We've committed the mantra of “what gets measured gets done,” often attributed to Peter Drucker, to memory. We know that measuring things changes behavior and results. But what happens after the goal of the measurement is reached?
Imagine a scenario wherein two service owners are reporting their service scorecard in a management review with IT executives. The first service owner, Robert, proudly reviews his performance. His scorecard measures have all been green (met all targets) for three consecutive quarters! He's off the hot seat in under two minutes. The second service owner, Joan, has two measures that are red and one that is yellow. She has to explain the service improvement plans that she's working on. She's grilled on the issues and actions for over ten minutes.
Now ask yourself some questions:
- Which service owner would you rather be?
- Which service owner would be perceived as the ideal in your organization?
- Which service owner is better serving the business?
- How likely is it that Robert’s service has no opportunities for improvement?
- How likely is it that Joan’s service is or will be the better performing service?
In many organizations, meeting a performance target is the goal and staying within a threshold is the desired state. For measures driven by external factors, like SLAs, this is absolutely the case. There's no need to set more aggressive targets unless required by the customer, the business, the government, or other external parties.
For targets set for the purposes of continual improvement, however, the bar needs to be raised or the focus needs to change whenever a goal is met. Continuing to use the same set of process and service key performance indicators (KPIs) after you've met your targets, as our fictional service owner Robert did, is like getting A’s in first grade and declaring that you've mastered education. You won't continue learning or identifying new areas to improve, and you'll spend money producing measures that are simply vanity measures with no business benefit. Executives, likewise, must have a different mindset and view KPIs as something other than a typical performance measure and reward process and service owners who challenge themselves and continually evolve KPIs and put themselves back into the red.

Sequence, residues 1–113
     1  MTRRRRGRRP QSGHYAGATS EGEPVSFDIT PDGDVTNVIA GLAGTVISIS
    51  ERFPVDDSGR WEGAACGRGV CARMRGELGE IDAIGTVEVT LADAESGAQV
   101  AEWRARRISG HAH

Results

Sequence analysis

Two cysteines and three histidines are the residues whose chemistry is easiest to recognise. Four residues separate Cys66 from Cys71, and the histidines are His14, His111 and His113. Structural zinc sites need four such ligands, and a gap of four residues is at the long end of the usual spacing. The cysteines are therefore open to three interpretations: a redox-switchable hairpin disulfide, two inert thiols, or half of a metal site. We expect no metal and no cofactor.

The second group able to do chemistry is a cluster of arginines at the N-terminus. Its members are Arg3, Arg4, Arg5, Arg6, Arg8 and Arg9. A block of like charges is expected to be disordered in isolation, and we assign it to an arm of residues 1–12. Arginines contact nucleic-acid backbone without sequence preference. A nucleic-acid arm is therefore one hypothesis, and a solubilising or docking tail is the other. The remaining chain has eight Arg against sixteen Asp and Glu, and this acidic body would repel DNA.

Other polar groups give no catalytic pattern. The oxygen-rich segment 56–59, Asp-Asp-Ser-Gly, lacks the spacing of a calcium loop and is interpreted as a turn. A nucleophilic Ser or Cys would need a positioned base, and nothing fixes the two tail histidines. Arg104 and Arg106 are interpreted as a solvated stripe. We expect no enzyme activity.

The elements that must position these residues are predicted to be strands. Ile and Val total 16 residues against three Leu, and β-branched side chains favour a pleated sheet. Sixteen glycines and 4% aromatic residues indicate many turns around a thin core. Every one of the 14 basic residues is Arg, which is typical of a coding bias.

From the ITIL Continual Service Improvement book, here are the four reasons why we measure:
To validate. Monitoring and measuring to validate previous decisions.
To direct. Monitoring and measuring to set the direction for activities in order to meet set targets; this is the most prevalent reason for monitoring and measuring.
To justify. Monitoring and measuring to justify, with factual evidence or proof, that a course of action is required.
To intervene. Monitoring and measuring to identify a point of intervention including subsequent changes and corrective actions.
Note that the prevailing tone in all of these reasons to measure is to initiate action or validate that an action was effective. There's nothing in these reasons that speaks to maintaining the status quo.
If you work in a culture where Robert would be perceived as the better service owner, then you have an opportunity to change your organization’s culture. The following are suggested steps to take toward that goal.
Step 1: Classify Measures
All measures fall into a handful of key classes. It is important to understand these classes because it will help you design scorecards that executives can understand. That understanding is a first step in changing the improvement culture of your organization.
Class 1: Performance to SLA/OLA/contract. These measures are intended to show that contractual commitments were met. The targets and measures are fixed and documented in the SLA, OLA, or contract.